After taking over as Development Commissioner (Iron and Steel) at Calcutta in July 1994, I paid a brief visit to Madras on my way to Trichur. On my way back, initially the flight was announced to be on time. The passengers passed through the Security Check and were waiting in the lounge for boarding announcement. However, after some time an announcement was made about the plane having developed some technical problem and the consequent delay. The passengers were advised to come out of the lounge, get new boarding passes and also some refreshment from the snacks-counter. Naturally the passengers were very upset at this announcement and reluctantly left the lounge to follow the instructions. I too felt the same way but within I was keeping my cool. After going through the drill of surrendering boarding passes and getting new ones, we stood in a queue for light refreshments. We were expecting something better to be served so as to partially take care of our annoyance but what we were given only added to it. One of the passengers standing in the queue lost his temper and started abusing not only the Indian Airlines but the whole of India. Of course, most of us were doing so silently. Fortunately soon the plane was declared to be fit and our hopes of reaching home the same night revived.
Well, the point I am making here is about the outburst of the gentleman in the queue at Madras airport. Such outbursts are not uncommon. We come across such incidents almost daily. Only the victim and the target of the outburst vary. If such outbursts are carefully analyzed, one would come to the conclusion that we all are victims of one another. ‘A’ may curse’ B’, ‘B’ may curse ‘C’ and ‘C’ may curse ‘A’. The net result is that sometimes we are victims and sometimes the cause of such outbursts. We forget that after all the quality of human beings in a given set-up is the same and that we ourselves are no better than others. If we are not prepared to see any faults in us and remove them, what right do we have to expect perfectness from others? In such situations, it is very difficult to understand to whom we should address our outburst.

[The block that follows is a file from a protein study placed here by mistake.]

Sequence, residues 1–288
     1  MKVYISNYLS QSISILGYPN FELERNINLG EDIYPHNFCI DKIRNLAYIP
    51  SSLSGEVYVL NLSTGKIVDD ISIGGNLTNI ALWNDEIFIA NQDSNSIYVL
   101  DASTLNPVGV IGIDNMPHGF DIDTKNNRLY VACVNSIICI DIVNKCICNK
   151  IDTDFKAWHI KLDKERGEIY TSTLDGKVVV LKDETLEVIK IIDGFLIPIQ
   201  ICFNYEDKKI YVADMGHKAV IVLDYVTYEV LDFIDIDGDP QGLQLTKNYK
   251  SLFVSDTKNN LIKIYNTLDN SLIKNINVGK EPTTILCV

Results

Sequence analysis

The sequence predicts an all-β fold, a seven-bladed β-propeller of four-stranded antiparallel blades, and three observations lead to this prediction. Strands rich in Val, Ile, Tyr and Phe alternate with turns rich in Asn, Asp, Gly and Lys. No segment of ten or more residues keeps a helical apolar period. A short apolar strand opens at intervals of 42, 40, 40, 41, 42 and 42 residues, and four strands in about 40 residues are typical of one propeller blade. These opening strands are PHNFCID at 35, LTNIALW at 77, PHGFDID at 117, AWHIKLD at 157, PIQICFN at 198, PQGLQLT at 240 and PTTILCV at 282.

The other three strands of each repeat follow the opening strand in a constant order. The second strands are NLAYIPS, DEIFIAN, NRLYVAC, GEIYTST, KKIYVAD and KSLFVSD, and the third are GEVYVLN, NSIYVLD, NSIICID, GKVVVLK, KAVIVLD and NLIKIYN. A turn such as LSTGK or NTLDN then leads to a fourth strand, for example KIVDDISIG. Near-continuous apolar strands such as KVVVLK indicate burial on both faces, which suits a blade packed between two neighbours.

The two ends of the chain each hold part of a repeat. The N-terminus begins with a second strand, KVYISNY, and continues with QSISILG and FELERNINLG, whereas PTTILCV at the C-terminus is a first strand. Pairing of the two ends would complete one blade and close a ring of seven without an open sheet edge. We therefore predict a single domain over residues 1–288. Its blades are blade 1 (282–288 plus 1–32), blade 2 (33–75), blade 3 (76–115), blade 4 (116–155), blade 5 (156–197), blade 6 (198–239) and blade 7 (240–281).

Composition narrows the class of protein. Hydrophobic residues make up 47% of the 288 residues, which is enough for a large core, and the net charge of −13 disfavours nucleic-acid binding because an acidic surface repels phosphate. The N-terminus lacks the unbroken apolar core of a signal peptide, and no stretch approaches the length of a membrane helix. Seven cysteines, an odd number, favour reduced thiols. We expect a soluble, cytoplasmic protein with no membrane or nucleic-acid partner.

I am not saying that inefficiency or bad service should be accepted. But mere cursing does not help. In all probability such outbursts make the system worse. The right approach would be to understand the situation coolly and if found that it has arisen as a result of wilful neglect or callousness on the part of an individual or system, the same should be dealt with in an effective manner. That way we will not only save ourselves from agony and anger but will render a service to the system as well as to other possible victims. In short, the problem should be addressed to a definite target, and not in the air which helps no one. The second lesson to be learnt from such events is to consider whether we ourselves are not a cause of such situations, when it comes to our dealing with others. As a matter of fact, this is a better way of addressing the problem and, if all of us do so, there will be no occasion for situations which upset us. We may also be a cause of such situations and if others cause so much agony to us, why should we not avoid such situations? This approach will not only help individuals but also the system. Thus, whenever a situation upsets us, the problem should not only be addressed to the relevant authorities with an objective mind, it should also be addressed to oneself. The purpose of all progress is to feel more peaceful. But if instead of feeling peaceful, we feel upset and anxious like the friend at Madras Airport, the purpose of the progress is lost. So next time you come across a situation which upsets you, remember to address it correctly. That way you will help yourself as well as the system.